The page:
These became among the most well-known of Knight’s dinosaur pictures, but by then, his eyesight was deteriorating and he could only paint on small boards, to be enlarged by assistants who painted the actual murals.

Tyrannosaur and Tricerotops, early 1930s

His paintings were not confined to dinosaurs, he worked on prehistoric life in all its form, including murals for the AMNH’s “Age of Mammals in North America” in 1930, and three murals for Hall of the Age of Man showed how prehistoric humans lived. In the mid-1940s, Knight also painted for the Natural History Museum of Los Angeles County, a set of twenty-four small paintings showing life through different geological ages, but his longest association was with the AMNH.

Knight died in 1953. He had stopped painting two years earlier, having completely lost his sight.

William Stout’s introduction to ‘Charles R. Knight: Autobiography of an Artist’ states:

“If having a lasting influence on other artists is a key criterion for determining the greatness of an artists, then Charles Robert Knight is one of the most important artists of the twentieth century… Knight’s reconstructions became the basis for how dinosaurs were portrayed in the popular media – from King Kong, Fantasia and the animated films of Ray Harryhausen to the Disney theme parks. His paintings fired the ambitions of a legion of young people to choose palaeontology as their future profession. Charles R. Knight’s magnificent blend of powerful art and good science continues to inspire art, science and imagination around the world.”

References and further information:

  • The World of Charles R Knight, http://www.charlesrknight.com
  • Milner, R. Charles R. Knight: The Artist Who Saw Through Time. New York: Abrams, 2010.
  • Knight, Charles R. Life Through the Ages: Commemorative Edition. Bloomington: Indiana University Press, 2017.
  • Knight, Charles R.; ed Ottaviani, Jim, Charles R. Knight: Autobiography of an Artist.  G.T.Labs, 2005.

Dinosaurs in the Drawing Room: the forgotten palaeoartists Alice and Gertrude Woodward

ABW: Reconstructed Igunanodon

In the genre of palaeoart which was – and still is – dominated by men, the sisters Alice Bolingbroke Woodward (1862-1951) and Gertrude Mary Woodward (1854-1939) were talented, professional illustrators of the Victorian and Edwardian periods. Their subjects ranged from children’s book to scientific illustrations of palaeontology, yet their scientific works are all but forgotten today.

The geologists among you will recognise the name of Henry Bolingbroke Woodward, FRS, the eminent geologist and palaeontologist, who eventually became president of the Geologists Association, Malacological Society and the Palaeontological Society. When not studying fossils, writing publications and attending meetings, he had time to father seven children. Two of his daughters, Gertrude and Alice, became professional artists, and although Alice became better known for her children’s book illustrations, both worked in scientific illustration, producing images for the Natural History Museum as well as for published works by scientists of the day.

GMW: drawn for 𝘊𝘢𝘵𝘢𝘭𝘰𝘨𝘶𝘦 𝘰𝘧 𝘛𝘦𝘳𝘵𝘪𝘢𝘳𝘺 𝘔𝘰𝘭𝘭𝘶𝘴𝘤𝘢 𝘪𝘯 𝘵𝘩𝘦 𝘋𝘦𝘱𝘢𝘳𝘵𝘮𝘦𝘯𝘵 𝘰𝘧 𝘎𝘦𝘰𝘭𝘰𝘨𝘺, 𝘉𝘳𝘪𝘵𝘪𝘴𝘩 𝘔𝘶𝘴𝘦𝘶𝘮 (𝘕𝘢𝘵𝘶𝘳𝘢𝘭 𝘏𝘪𝘴𝘵𝘰𝘳𝘺), Part 1 (1897).

The Woodward children were educated at home by a governess but from an early age all were encouraged and taught to draw and, while the boys went on to be scientists, the girls became artists.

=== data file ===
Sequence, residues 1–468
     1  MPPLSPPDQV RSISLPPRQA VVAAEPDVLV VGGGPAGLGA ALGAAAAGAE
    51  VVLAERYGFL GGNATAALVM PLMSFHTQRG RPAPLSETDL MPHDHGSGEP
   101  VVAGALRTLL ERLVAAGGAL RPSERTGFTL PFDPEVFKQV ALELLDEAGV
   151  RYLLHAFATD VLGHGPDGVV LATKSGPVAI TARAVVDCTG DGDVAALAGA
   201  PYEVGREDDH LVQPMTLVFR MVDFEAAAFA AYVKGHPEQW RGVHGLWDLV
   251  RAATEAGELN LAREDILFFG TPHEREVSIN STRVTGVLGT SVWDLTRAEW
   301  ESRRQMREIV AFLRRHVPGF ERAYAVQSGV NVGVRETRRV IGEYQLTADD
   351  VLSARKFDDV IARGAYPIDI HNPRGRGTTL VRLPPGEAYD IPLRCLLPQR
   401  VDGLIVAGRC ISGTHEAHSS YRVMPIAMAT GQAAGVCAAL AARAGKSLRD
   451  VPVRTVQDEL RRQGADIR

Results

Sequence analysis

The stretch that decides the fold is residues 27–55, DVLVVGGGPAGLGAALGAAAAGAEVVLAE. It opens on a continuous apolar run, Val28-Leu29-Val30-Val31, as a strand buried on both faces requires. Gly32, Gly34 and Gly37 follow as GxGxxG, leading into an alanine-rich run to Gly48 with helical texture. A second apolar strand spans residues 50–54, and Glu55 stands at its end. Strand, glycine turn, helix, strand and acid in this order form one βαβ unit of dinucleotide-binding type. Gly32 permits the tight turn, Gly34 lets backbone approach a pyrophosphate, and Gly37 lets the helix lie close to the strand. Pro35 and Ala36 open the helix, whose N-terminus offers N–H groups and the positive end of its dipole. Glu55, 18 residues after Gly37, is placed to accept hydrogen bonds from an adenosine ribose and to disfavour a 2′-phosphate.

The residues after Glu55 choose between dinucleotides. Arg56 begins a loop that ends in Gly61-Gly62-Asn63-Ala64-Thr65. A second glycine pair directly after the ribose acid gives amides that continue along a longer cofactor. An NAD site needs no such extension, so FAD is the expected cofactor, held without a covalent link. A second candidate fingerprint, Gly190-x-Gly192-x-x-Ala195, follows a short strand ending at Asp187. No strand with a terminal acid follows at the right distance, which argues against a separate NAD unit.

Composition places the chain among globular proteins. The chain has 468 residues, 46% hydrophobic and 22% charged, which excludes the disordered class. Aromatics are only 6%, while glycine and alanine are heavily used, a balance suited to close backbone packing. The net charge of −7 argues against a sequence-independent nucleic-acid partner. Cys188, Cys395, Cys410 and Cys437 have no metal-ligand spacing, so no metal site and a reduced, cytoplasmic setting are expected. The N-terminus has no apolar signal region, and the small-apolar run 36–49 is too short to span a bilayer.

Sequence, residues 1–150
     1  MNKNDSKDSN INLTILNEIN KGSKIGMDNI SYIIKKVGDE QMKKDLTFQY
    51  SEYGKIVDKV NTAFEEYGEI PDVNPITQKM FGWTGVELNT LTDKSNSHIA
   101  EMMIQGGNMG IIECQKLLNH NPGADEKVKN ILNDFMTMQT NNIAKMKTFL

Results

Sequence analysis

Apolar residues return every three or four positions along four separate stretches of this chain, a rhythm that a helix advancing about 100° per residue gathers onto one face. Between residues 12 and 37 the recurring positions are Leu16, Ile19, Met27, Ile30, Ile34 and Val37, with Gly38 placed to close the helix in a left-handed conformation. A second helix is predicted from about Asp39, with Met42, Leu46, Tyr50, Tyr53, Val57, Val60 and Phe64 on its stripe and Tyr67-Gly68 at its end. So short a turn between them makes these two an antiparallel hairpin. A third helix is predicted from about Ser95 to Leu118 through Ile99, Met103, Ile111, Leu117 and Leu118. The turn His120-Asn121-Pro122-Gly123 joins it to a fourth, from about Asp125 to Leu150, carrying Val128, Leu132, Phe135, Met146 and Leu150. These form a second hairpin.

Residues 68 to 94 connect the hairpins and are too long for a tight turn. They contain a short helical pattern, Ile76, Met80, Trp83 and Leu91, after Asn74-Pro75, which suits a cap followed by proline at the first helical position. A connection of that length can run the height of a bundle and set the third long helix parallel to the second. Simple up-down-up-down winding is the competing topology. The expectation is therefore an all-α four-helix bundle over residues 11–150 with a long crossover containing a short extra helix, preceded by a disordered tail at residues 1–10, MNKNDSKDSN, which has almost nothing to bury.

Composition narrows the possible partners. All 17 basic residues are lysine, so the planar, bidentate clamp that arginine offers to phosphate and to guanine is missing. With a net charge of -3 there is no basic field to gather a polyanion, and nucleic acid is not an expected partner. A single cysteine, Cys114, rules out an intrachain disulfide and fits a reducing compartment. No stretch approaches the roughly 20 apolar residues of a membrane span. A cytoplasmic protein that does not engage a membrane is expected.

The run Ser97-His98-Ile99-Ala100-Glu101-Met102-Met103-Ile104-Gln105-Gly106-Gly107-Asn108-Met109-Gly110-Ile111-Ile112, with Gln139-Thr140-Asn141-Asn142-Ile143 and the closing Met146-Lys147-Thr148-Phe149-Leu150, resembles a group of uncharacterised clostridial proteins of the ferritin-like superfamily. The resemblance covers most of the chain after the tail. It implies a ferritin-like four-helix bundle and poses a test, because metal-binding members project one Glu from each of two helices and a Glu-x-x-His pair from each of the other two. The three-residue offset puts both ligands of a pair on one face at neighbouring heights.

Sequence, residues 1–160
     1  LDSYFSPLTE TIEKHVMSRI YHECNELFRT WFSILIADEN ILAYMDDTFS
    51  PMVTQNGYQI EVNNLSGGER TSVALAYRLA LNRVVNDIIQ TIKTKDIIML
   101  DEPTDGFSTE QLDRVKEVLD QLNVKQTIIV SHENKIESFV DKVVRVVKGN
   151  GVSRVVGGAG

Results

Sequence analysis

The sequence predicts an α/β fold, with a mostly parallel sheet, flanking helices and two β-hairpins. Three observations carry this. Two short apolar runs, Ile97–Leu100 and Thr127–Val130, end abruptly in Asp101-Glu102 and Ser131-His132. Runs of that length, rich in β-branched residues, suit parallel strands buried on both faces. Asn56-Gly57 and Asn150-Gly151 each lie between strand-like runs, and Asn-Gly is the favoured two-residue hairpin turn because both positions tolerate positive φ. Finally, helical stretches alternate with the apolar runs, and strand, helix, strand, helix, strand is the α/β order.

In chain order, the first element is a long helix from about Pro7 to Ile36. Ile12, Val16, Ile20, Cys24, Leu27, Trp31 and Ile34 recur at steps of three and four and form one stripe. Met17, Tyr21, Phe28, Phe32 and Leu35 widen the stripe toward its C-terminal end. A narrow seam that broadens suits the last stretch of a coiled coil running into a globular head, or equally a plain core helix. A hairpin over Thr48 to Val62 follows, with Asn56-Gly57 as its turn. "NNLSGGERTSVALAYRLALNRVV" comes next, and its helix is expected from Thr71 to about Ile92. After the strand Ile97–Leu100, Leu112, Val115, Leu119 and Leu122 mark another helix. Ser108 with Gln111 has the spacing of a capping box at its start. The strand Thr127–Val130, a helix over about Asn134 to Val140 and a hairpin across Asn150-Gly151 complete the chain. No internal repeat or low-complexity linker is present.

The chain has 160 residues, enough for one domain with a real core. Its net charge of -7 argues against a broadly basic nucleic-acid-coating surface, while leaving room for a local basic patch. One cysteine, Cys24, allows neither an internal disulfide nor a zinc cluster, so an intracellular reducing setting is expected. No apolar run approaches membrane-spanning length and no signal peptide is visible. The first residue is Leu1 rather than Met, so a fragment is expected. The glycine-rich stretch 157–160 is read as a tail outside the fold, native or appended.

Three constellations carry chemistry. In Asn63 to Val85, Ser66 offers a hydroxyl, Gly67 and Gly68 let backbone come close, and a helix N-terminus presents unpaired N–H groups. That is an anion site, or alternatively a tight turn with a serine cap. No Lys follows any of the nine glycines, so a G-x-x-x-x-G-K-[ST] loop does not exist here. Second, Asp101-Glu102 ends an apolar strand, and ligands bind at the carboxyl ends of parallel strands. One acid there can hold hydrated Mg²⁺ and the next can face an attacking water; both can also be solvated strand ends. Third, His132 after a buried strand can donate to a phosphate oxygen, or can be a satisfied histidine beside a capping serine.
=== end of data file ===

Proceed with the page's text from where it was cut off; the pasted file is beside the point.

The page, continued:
Gertrude mostly worked illustrating fossils and she created the images to accompany the infamous Piltdown fossils, a collection of bones that were found in 1912 and thought to be evidence of a formerly unknown early human. They were, in fact, a hoax, but this was not confirmed until 1953.

She became friends with Beatrix Potter, who was fascinated by palaeontology alongside her own childrens’ books and illustrations. Many of Gertrude’s drawings of fossils are in the care of the Natural History Museum, and she illustrated many of their publications on geology and palaeontology, although now her name seems to have faded into obscurity.

By her teens, Alice was being paid to illustrate her father’s lectures and his colleague’s papers. The money allowed her to attend art school, eventually studying at the Academie Julian in Paris, as well as receiving private tuition in illustration. Although working with children’s books, most famously illustrating The Peter Pan Picture Book by Daniel O’Connor.

Her palaeontology illustrations, less well known, were considered accurate and life-like and ranged from recording fossils to reconstructing prehistoric creatures including dinosaurs. Her reconstuctions usually showed the subject in its environment, giving an overall effect of a living creature, and were highly regarded by the scientists commissioning them, although at times she added human figures into the composition; it was known that humans and dinosaurs didn’t co-exist but Alice used them to give an indication of scale.

ABW: Remounted Diplodocus skeleton, 1905
ABW: Gigantosaurus, with child lighting a fire.
ABW: ‘The Evolution of the Elephant’, Second Stage, Palaeomastodon



Alice contributed to major publication by Henry Knipe, ‘Nebula to Man’ (1905), a substantial “coffee-table” book with 70 plates, which she co-illustrated with J. Smit, and ‘Evolution in the Past’, (1912), which had 50 plates, mostly by Alice.

Three of her illustrations were used as plates in Hutchinson’s 1910 volume ‘Extinct Monsters and creatures of Other Days’, in the chapter illustrating the evolution of the elephant family; one image is shown here.

On her death, her sister Katherine arranged for her drawings to be sent to the Natural History Museum for safe-keeping, including five drawings of dinosaurs.


  • ‘Forgotten women in an extinct saurian (man’s) world’ SUSAN TURNER, CYNTHIA V. BUREK & RICHARD T. J. MOODY. From: Moody, R. T. J., Buffetaut, E., Naish, D. &Martill, D. M. (eds) Dinosaurs and Other Extinct Saurians: A Historical Perspective. Geological Society, London, Special Publications, 343, 111–153.
  • ‘Dinosaur Sculpting’, Debus, A; Morales, B.; Debus, D., McFarland & Company, Inc, Jefferson, NC (2013)